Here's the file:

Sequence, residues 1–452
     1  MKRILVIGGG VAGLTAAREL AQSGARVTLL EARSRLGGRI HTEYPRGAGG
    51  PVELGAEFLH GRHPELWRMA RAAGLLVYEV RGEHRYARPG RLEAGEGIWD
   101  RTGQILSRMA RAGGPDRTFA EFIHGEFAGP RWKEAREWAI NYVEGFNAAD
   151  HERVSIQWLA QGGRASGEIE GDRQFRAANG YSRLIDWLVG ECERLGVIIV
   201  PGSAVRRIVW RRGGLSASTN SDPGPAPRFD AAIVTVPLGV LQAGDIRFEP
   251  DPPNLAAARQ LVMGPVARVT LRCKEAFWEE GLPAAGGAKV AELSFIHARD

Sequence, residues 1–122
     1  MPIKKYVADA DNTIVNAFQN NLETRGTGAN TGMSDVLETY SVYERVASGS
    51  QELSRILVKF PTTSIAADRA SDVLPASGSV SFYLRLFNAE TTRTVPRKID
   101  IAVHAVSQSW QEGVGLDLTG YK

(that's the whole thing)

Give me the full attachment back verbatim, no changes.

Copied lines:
Sequence, residues 1–452
     1  MKRILVIGGG VAGLTAAREL AQSGARVTLL EARSRLGGRI HTEYPRGAGG
    51  PVELGAEFLH GRHPELWRMA RAAGLLVYEV RGEHRYARPG RLEAGEGIWD
   101  RTGQILSRMA RAGGPDRTFA EFIHGEFAGP RWKEAREWAI NYVEGFNAAD
   151  HERVSIQWLA QGGRASGEIE GDRQFRAANG YSRLIDWLVG ECERLGVIIV
   201  PGSAVRRIVW RRGGLSASTN SDPGPAPRFD AAIVTVPLGV LQAGDIRFEP
   251  DPPNLAAARQ LVMGPVARVT LRCKEAFWEE GLPAAGGAKV AELSFIHARD

Sequence, residues 1–122
     1  MPIKKYVADA DNTIVNAFQN NLETRGTGAN TGMSDVLETY SVYERVASGS
    51  QELSRILVKF PTTSIAADRA SDVLPASGSV SFYLRLFNAE TTRTVPRKID
   101  IAVHAVSQSW QEGVGLDLTG YK